Warner Bros. Gets Sued over the Matrix: Resurrections

Marco McEldowney, reporter


Following the white rabbit had never been easier when The Matrix made a return to screens in 2021. All you had to do was subscribe to HBOMax, Warner Bros.’ (WB) latest streaming service, and you could see The Matrix: Resurrections right from your couch.

Not everyone was too thrilled about this, though; Village Roadshow Pictures, a co-producer of the movie, is suing Warner Bros. for allegedly sabotaging their profits and breaching their contract.

They have some sound logic on this. WB added Resurrections to HBOMax the same day it was released in theaters. When viewing it at the theater, the money went to Village Roadshow and WB, seeing as they both co-produced it.

However, when using HBOMax, the only one getting the subscription profits is WB, leaving Village Roadshow in the dust. “I think Village Roadshow Pictures should sue WB because WB wrongfully released the Matrix movie ahead of [time]...this decreased revenue may lead to the end of the Matrix franchise,” said Sophomore Arnold Zhen.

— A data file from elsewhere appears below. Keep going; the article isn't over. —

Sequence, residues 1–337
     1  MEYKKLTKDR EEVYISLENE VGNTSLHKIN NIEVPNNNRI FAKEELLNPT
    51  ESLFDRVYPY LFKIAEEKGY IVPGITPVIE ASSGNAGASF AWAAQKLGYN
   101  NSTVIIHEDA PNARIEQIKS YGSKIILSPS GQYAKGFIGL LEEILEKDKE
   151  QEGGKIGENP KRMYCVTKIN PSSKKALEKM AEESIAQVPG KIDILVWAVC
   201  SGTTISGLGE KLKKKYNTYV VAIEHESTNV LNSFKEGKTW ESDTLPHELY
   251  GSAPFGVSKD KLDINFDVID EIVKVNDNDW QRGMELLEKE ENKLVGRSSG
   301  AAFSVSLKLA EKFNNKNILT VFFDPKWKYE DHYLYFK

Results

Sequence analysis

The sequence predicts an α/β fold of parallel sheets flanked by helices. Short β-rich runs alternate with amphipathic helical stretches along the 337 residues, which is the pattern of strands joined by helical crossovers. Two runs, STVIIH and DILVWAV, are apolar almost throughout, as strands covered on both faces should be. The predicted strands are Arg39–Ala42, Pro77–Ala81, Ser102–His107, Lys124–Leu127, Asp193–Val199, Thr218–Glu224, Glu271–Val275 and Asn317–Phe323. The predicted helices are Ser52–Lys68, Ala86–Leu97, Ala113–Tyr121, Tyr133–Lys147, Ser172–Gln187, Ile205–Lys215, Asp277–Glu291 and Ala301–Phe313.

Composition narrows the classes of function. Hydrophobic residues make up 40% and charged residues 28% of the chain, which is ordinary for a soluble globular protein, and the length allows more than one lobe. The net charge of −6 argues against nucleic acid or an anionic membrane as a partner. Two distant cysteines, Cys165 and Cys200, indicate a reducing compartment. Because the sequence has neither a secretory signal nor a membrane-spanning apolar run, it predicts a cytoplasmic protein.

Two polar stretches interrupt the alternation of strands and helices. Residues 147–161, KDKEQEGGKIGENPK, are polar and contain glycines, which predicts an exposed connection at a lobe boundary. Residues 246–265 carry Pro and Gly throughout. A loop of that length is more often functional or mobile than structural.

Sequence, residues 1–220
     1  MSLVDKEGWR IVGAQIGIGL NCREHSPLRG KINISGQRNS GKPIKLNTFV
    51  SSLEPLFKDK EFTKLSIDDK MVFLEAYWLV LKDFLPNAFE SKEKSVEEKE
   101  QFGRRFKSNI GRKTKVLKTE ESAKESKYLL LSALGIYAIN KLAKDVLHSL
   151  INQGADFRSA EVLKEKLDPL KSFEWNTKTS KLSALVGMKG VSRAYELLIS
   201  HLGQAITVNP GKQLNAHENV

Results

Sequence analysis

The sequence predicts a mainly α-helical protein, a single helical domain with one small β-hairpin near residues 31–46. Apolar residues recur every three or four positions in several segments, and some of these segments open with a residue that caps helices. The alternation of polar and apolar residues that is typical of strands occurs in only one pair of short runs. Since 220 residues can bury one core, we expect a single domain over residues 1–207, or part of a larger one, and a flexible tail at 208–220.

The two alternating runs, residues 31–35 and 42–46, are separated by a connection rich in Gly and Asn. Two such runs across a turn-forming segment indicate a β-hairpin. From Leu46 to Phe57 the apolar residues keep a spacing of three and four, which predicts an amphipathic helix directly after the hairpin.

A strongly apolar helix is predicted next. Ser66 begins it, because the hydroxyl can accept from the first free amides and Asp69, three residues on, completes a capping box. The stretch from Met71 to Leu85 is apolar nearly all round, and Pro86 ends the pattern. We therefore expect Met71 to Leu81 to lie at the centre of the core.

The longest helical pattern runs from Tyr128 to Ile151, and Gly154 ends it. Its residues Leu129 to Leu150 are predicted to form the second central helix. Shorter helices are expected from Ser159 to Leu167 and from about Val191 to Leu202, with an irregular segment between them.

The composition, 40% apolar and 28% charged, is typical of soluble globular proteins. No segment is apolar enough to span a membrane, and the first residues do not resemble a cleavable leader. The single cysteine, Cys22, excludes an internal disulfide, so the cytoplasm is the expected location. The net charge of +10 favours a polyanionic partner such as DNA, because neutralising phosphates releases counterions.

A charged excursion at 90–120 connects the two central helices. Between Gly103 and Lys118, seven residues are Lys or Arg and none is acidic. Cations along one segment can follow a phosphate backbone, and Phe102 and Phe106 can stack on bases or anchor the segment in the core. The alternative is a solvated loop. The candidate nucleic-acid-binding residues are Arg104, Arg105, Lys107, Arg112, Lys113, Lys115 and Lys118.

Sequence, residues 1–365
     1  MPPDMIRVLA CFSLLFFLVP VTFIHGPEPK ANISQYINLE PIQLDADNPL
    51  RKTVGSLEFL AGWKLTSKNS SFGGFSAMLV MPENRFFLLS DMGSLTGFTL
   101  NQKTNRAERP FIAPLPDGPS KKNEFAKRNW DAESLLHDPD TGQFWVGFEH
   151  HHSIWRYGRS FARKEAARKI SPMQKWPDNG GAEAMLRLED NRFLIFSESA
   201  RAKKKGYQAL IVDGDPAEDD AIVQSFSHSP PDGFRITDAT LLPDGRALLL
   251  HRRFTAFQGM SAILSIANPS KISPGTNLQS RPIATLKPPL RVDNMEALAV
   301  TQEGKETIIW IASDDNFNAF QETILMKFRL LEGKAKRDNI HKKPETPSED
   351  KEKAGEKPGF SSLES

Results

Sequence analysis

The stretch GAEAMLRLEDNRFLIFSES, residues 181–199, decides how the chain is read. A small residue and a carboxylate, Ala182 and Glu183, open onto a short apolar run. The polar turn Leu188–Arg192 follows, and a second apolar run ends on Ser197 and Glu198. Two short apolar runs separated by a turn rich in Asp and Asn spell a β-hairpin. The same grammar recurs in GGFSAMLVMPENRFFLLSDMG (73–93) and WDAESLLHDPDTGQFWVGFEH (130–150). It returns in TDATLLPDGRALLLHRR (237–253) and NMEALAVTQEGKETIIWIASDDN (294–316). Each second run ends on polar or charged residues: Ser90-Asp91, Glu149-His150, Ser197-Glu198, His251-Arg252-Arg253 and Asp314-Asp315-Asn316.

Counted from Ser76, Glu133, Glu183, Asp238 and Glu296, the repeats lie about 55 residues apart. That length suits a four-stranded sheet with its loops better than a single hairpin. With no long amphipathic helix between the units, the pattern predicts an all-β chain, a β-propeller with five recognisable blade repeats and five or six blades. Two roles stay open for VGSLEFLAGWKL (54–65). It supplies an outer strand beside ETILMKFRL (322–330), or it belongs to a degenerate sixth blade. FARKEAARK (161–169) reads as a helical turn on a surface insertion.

In this age of COVID-19, a majority of people are staying home to watch movies. Sophomore Kira Trujilo said, “I would watch the movie at home, since personally I enjoy the comforts of my own house.”

Not only is Warner Bros. getting exclusive profits, they’re getting a large majority. Resurrections has made up to 155 million dollars at the box office. It seems like a fair amount of money until you see that the budget for the movie was 190 million dollars. That’s a gigantic loss for what was once a global phenomenon of a franchise.

Out of an anonymous poll of 11 people, it’s shown that four watched the movie on HBOMax, two went to the theaters, and five haven’t seen it at all. It’s clear that going to the theater wasn’t a popular option.

Village Roadshow may have good legal grounds for this, but the fact that the movie was unpopular despite WB’s alleged profit-hoarding can make them seem a bit more greedy than they’re letting on.

The potential money at the box office could have been much higher if HBOMax hadn’t gotten the movie simultaneously.

Photo credit: Marco McEldowney



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